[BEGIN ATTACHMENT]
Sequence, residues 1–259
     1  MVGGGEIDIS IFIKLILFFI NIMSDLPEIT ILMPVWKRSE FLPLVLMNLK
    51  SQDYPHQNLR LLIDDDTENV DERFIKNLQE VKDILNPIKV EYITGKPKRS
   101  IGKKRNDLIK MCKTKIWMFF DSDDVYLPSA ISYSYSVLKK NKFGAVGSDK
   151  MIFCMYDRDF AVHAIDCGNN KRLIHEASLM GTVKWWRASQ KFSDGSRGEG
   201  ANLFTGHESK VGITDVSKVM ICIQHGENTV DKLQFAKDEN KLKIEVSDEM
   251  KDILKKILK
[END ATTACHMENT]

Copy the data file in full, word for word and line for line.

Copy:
Sequence, residues 1–259
     1  MVGGGEIDIS IFIKLILFFI NIMSDLPEIT ILMPVWKRSE FLPLVLMNLK
    51  SQDYPHQNLR LLIDDDTENV DERFIKNLQE VKDILNPIKV EYITGKPKRS
   101  IGKKRNDLIK MCKTKIWMFF DSDDVYLPSA ISYSYSVLKK NKFGAVGSDK
   151  MIFCMYDRDF AVHAIDCGNN KRLIHEASLM GTVKWWRASQ KFSDGSRGEG
   201  ANLFTGHESK VGITDVSKVM ICIQHGENTV DKLQFAKDEN KLKIEVSDEM
   251  KDILKKILK